Say, for example, a woman has used a synthetic marijuana product called "Winter Haze". A few months later, this same woman chooses to purchase "Winter Haze" again. Though it appears to be the same product, the compound is most likely different. There is no guarantee that this compound has the same potency as the compound in the "Winter Haze" product purchased months prior. Accordingly, the woman has no way of knowing how the product will affect her.
Though all strains of synthetic marijuana are now illegal according to Pennsylvania law, K2's history of accessibility coupled with its low price lead many to believe that the product is legal and safe. Some men and women choose to use synthetic marijuana as an alternative to organic marijuana in order to pass a drug test. Some turn to synthetic drugs when their stronger drug of choice is unavailable.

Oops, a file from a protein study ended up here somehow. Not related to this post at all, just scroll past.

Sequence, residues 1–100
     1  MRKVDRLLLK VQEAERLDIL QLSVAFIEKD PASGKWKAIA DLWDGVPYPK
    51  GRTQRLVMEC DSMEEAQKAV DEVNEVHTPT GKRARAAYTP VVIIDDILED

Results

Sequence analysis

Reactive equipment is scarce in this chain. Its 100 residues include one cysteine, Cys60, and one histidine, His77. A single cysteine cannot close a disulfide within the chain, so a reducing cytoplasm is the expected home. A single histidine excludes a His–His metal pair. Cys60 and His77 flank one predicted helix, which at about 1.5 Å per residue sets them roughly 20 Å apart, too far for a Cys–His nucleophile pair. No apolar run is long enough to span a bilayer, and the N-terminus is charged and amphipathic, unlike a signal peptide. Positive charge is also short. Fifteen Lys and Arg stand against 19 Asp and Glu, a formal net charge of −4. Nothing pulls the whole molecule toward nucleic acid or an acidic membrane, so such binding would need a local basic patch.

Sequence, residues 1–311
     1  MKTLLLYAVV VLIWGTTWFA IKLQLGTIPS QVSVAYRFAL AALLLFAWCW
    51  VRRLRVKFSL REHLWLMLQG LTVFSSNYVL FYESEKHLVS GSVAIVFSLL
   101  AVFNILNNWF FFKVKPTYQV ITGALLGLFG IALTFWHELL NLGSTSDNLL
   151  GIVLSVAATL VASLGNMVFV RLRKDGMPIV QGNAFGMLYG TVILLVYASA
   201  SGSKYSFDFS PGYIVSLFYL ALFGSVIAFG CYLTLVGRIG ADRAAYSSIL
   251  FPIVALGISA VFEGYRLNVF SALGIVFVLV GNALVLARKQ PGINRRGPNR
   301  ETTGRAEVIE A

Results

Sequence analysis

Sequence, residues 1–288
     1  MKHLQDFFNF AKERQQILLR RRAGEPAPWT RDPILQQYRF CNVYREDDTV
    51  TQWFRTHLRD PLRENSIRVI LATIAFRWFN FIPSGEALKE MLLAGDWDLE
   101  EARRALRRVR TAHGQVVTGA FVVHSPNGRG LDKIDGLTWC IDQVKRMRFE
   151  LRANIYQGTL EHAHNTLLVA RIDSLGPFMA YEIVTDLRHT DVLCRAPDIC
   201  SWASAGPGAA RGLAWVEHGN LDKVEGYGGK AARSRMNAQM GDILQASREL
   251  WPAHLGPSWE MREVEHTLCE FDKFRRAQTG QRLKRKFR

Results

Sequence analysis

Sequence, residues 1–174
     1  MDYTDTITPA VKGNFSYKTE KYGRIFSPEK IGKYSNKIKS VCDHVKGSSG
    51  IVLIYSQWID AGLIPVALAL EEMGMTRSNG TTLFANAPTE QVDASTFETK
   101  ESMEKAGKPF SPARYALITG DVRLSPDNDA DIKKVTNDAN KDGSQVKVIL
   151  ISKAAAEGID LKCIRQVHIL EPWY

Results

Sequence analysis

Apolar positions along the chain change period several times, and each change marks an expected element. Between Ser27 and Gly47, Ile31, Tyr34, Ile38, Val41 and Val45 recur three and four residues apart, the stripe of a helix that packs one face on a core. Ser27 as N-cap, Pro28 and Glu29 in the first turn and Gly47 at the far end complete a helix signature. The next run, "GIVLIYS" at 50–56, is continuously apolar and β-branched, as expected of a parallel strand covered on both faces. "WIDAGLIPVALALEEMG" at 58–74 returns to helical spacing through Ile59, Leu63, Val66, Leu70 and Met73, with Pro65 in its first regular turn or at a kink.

The potency and unpredictability of synthetic marijuana makes the drug particularly dangerous. K2 can make some users violent, suicidal, and enraged; other users have reported repeated vomiting and an increased heart beat; many experience extreme anxiety and paranoia. The Lancaster Police Department responded to several emergency calls where synthetic marijuana users were in a catatonic state.
The misnomer that K2 is a safe and legal substance encourages some to regularly use the drug. In fact, synthetic marijuana is extremely destructive and addictive. Withdrawal from K2 is physical and mental. Medical supervision is required for individuals attempting to end their physical dependence on the substance.